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Where should the welfare state end and the third sector begin? It's a question being asked across Europe as governments make cutbacks to beat the recession - and it's a question that casts something of shadow over volunteering. Are volunteers being exploited to fill the gaps in state provision?

Delegates at the Citizens' Convention all agreed that volunteering is not just a "repair mechanism" for the welfare state, but something that satisfies a human desire to help others and belong to a community. The personal benefits of volunteering are undeniable, and many of those I spoke to said they would still be involved in the same activities even if their country had unlimited funds for welfare.

But what about when governments openly ask the third sector to bear the burden of what has previously been the responsibility of the state? The UK government, for example, has introduced the concept of a "big society", but this is coupled with huge reductions in state funding for the arts, charities and other NGOs. This means that volunteers are dealt a double blow: greater responsiblity and less support.

The relationship between the state and volunteers has always been a complex one - and there was much heated debate about how integrated or separate these two things should be. Those wishing to make volunteering a more unified, sustainable movement expressed the need for regulation, including a legal framework to protect the rights of volunteers, and training to provide necessary skills. But concerns were raised that too much state involvement can lead to volunteers having to compromise their original aims in order to get funding. It was even suggested that avoiding a welfare-dependent state through volunteering was "empowering".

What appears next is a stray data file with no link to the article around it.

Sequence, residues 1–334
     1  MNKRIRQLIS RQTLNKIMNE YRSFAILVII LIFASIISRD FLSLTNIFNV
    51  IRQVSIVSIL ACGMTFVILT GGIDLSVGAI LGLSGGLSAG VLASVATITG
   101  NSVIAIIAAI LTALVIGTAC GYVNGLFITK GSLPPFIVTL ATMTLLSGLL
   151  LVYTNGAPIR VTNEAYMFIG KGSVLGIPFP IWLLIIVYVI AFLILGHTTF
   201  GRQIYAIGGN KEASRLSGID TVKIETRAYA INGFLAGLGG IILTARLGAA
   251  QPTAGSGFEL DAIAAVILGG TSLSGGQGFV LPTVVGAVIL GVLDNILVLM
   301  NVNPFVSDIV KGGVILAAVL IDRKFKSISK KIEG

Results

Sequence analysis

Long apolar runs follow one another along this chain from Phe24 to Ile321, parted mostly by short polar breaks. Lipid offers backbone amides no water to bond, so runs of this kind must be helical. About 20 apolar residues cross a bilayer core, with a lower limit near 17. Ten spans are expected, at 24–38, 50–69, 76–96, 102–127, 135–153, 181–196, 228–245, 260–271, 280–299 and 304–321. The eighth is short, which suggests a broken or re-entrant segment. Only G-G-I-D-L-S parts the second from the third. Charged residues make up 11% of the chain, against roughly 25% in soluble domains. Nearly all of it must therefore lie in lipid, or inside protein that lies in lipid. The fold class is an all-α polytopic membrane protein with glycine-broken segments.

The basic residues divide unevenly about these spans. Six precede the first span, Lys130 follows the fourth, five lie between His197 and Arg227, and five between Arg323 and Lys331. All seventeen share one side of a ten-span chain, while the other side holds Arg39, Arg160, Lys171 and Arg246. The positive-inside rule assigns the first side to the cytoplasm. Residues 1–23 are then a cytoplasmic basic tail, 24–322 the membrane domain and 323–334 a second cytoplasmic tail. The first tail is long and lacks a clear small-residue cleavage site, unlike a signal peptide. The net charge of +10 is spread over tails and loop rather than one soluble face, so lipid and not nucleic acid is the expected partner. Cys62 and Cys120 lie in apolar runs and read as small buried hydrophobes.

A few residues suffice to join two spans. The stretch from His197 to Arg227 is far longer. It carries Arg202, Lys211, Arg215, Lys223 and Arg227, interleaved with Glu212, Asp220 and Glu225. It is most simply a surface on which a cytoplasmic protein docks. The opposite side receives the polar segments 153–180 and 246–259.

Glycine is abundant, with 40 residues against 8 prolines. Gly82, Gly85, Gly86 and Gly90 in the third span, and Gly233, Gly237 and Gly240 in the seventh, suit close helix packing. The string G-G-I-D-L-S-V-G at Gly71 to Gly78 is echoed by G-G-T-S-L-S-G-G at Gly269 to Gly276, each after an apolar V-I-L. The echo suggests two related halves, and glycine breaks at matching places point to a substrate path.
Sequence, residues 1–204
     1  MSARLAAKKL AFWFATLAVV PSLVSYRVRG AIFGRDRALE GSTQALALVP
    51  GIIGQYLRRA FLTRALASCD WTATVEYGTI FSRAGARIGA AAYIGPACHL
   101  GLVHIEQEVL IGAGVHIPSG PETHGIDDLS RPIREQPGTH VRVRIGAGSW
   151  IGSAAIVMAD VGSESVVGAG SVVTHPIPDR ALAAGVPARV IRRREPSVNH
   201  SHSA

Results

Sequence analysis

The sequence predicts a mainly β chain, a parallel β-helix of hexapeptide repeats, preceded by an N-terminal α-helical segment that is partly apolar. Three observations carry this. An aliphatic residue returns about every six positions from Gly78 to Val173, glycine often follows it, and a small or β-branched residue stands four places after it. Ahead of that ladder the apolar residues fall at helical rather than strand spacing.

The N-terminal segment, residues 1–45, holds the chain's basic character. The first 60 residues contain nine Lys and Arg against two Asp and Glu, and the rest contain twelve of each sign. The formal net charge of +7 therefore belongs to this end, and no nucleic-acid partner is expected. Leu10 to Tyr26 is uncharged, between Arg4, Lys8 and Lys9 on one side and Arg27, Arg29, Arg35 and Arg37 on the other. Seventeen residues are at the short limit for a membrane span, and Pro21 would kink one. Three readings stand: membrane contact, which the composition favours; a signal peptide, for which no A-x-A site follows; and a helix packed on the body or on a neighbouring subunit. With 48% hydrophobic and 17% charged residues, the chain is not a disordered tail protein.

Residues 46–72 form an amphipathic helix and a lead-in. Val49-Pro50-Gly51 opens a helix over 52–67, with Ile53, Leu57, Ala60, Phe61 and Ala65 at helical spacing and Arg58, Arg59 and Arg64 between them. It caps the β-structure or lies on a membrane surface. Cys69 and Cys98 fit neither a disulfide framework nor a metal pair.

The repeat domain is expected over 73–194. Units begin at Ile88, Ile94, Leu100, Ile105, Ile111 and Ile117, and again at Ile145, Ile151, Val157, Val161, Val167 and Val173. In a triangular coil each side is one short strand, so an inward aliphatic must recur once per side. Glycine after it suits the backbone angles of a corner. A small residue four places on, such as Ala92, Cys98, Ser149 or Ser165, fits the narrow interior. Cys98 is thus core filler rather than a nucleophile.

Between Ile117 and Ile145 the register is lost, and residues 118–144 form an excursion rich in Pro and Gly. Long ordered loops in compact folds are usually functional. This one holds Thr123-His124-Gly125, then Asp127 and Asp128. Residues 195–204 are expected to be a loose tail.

So between the need for state support and the desire to maintain a sense of independence lies an inescapable confict for volunteers. Where would you draw the line?

Saturday, 07 May 2011 11:44

Art: Nutcrackers, Interns and Children.

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'Nussknacker' by Daniela Nasoni, Varese

I won't claim to understand art, or even that I particularly like it, but these three projects were too intriguing to miss. In a small empty shop in the centre of the sleepy town of Landau stood the recycled box sentinel, a nutcracker dead in the eyes, but a gift to anyone who wanted to take it away from its creator. Daniela Nasoni, from Italy, aims to make one for every person in the world, over 6 billion in total, and is wiling to spend every day of her life fulfilling this daunting task. By the end of the week the room was filled with giant nutcrackers, eight feet tall and made of cardboard.

Friday, 06 May 2011 08:39

Wired in #11: Okinawa Lifestyle

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This week's interview features two great musicians, Gigi Jikia and David Datunashvili from the Georgian capital Tbilisi. They play as an electro duo under the name of Okinawa Lifestyle. If you have already seen the first episode of E&M's documentary A Transnational Adventure, their music might already sound familiar, because Okinawa Lifestyle provided a lot of the soundtrack!